Kids, teens and adults all do their part ahead of the 2022 RC Custom Car Open.
Kids make things at the Faulhaber Fab Lab.
Althrough its science-focused programs and summer camps, students use the lab's fabrication technology to construct 3D-printed designs and objects.
For its keystone event, though, children are able to take out their creations for a day of racing.
60 teams and around 160 children grades K-12 will compete in the Fab Lab's 2022 RC Custom Car Open starting April 1. The race teams have spent months designing and creating race cars out of materials at the lab.
The weekend events start with a design competition before the big race on April 2.
But the big race is final stage of months of planning, preparation and passion for the young racers, the high schoolers who put together the event and the adults who oversee them all.
"Race day is exciting but it's really more than that," Faulhaber Fab Lab Director of Marketing Jenn Sams Scott said. "It's a culmination of months of work. It's more a program than an event. … It realizes the potential that (kids) can bring any idea to life."
Teams begin with identical basic remote control cars and from there exercise free rein to build a design on top of the shell.
Team Targa, composed of homeschooled students Vinicius Sena Barney, Avi Snyder and Liam Snyder, are focusing on their car's aesthetics two weeks out from the race— the trio have turned their RC car into a jungle showcase with tigers, bumblebees, 3D-printed foliage and more.
It's the trio's first crack at the tournament. Much of their weekend work at the lab has been at tables near the smashed and broken shells of past year's race cars. The small graveyard of makeshift machines weighs heavy on Vinicius Sena Barney in the week's leading up to competition.
"It's a reason I'm anxious not to lose the race," Barney said. "We don't want our car to end up (damaged)."
Team Targa has put its car together and has thought about who will drive it come April 2.
"We had a team meeting and made plans," said Liam Snyder, 8 years old. "We did a test drive and Avi was the best."
Snyder will race their car on the big day, and is feeling exciting about the chance. He's just looking forward to shoot his team's car high into the air off some ramps.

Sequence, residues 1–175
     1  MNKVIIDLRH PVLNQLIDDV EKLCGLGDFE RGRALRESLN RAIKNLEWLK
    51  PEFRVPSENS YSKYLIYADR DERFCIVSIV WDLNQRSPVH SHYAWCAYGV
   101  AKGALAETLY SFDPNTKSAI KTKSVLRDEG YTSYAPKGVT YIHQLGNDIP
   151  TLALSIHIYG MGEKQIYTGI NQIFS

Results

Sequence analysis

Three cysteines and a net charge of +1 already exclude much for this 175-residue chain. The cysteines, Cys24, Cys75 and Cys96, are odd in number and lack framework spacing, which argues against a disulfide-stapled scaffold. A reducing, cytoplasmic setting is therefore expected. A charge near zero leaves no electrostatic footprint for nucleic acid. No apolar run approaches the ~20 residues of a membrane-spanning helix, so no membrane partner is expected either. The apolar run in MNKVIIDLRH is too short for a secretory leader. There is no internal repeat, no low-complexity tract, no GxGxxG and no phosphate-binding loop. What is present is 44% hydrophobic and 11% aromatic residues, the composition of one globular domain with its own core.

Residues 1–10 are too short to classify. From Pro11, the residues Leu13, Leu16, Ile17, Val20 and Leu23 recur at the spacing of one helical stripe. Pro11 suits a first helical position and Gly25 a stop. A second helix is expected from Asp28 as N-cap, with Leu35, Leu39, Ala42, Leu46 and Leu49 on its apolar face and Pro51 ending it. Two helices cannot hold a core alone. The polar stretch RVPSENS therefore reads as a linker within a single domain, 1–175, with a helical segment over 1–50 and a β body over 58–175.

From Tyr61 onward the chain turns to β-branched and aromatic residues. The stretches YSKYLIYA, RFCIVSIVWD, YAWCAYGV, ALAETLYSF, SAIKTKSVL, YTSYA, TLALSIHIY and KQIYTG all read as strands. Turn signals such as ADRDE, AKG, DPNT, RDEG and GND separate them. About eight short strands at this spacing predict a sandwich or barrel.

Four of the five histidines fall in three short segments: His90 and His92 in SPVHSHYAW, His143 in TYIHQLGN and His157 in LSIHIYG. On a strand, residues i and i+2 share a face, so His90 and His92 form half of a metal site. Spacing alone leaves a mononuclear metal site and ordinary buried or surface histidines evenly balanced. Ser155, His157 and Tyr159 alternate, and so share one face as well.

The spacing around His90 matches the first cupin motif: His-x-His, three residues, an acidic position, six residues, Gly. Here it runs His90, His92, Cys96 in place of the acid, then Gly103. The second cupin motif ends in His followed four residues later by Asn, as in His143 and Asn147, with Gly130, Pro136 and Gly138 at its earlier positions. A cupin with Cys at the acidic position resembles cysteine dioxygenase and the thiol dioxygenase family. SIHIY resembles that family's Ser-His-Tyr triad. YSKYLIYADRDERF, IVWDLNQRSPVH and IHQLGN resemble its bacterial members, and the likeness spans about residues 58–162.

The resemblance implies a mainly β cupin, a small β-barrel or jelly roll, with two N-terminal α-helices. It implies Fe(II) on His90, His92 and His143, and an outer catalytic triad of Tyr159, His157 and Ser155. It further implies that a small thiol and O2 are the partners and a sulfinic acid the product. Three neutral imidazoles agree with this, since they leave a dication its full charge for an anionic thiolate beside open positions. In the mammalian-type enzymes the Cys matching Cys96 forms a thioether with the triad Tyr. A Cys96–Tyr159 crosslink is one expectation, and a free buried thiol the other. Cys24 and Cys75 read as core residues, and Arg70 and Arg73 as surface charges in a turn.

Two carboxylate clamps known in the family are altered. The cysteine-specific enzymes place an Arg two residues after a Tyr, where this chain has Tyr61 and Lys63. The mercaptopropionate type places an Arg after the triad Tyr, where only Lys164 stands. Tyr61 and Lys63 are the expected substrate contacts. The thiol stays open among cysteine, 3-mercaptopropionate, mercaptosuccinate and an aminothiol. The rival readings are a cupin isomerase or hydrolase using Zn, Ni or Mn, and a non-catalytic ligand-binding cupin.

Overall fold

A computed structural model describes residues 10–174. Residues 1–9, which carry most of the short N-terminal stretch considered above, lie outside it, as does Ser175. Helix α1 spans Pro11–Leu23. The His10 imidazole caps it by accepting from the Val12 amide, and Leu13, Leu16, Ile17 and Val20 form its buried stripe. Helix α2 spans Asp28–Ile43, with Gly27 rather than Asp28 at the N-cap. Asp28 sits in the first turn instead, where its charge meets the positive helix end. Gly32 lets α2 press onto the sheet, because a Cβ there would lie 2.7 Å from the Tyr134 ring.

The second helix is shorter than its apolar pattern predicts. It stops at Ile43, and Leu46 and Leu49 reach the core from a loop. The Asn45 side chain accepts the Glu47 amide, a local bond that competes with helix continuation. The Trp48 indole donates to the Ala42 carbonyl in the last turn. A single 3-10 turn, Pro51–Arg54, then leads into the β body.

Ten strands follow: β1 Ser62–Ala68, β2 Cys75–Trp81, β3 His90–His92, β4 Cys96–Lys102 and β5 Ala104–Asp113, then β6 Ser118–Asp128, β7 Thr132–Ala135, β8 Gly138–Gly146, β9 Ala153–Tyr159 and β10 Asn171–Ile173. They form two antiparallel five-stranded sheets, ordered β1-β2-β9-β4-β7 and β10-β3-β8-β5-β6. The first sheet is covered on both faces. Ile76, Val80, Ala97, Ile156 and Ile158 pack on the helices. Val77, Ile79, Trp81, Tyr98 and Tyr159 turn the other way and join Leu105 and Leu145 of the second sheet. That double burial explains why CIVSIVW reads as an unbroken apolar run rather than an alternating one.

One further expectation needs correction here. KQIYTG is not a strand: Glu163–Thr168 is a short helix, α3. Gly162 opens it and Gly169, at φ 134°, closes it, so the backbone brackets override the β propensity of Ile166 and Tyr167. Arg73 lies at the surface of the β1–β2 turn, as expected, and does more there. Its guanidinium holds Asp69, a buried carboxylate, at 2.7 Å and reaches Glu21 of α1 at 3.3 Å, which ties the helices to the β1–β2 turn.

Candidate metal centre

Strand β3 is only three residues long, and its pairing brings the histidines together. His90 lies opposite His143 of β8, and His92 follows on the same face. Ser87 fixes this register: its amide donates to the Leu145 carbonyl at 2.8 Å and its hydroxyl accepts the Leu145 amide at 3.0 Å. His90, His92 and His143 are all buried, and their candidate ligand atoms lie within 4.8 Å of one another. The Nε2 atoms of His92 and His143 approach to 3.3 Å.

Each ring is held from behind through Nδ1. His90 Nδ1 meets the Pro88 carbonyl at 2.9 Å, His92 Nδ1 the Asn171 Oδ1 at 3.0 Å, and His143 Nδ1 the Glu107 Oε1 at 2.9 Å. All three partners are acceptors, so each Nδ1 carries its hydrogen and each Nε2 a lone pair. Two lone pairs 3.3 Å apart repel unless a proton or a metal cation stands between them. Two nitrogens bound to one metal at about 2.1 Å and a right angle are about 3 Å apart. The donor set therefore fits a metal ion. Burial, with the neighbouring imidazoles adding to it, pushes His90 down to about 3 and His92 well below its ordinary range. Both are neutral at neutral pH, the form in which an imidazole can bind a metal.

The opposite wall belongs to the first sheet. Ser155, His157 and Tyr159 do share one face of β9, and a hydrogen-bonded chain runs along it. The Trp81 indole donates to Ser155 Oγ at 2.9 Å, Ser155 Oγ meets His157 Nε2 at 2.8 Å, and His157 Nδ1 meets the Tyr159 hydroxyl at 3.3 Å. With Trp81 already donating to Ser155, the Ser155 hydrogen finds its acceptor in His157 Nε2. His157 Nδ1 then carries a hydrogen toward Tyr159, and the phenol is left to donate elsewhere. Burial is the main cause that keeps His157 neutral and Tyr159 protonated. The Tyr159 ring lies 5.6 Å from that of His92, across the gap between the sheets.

Team TouCannons — originally named after a Toucan by members Nikolas Eckert, Sam Li and Noah Hoff — created a tiger car that they've been practicing with each weekend. Nikolas Eckert, 11, raced in last year's competition and wants to do better this year.
"I'm excited for the drift," Eckert said.
The racers have the right heart, but what's passion for racing without a racetrack to contain it?
The student executive committee handles that, just as they handle just about every other part of the race. The theme, the layout and construction all fall on the high school students that volunteer their time to make it happen.
Emre Muessemeyer, a 17-year-old Pine View School student, is working through his first year as a committee member. He admits he hadn't had much workshop experience before volunteering at the lab, but that's changed since he started in September.
Muessemeyer has put hours into a large axe pendulum structure, spending several hours a day over the last couple weeks carving the pieces out of foam with a laser cutter and hooking up the wiring to have the axe swing back and forth as part of the race's start gate.
Seeing his idea for a pendulum turn into something real has given Mussemeyer a sense of satisfaction.
"It started as a silly idea and now we're actually going to hit the cars with this axe," Mussemeyer said.
The Faulhaber Fab Lab staff has to keep a wrangle on the many energies and ideas that fill the lab each weekend.
Lab manager Eric McGrath, Scott herself and other adults in the room all take shifts at the lab to handle the fabrication technology and keep watch over the many hyper children in the lab.
"Our committee has 19 students, more than we've ever had before," Scott said. "It's almost like herding cats."
One of her biggest prides, though, is seeing students that started off as young racers grow up and join the planning committee to help the next generation.
"It's a beautiful, full-circle moment," Scott said. "Over half of our committee were past racers."
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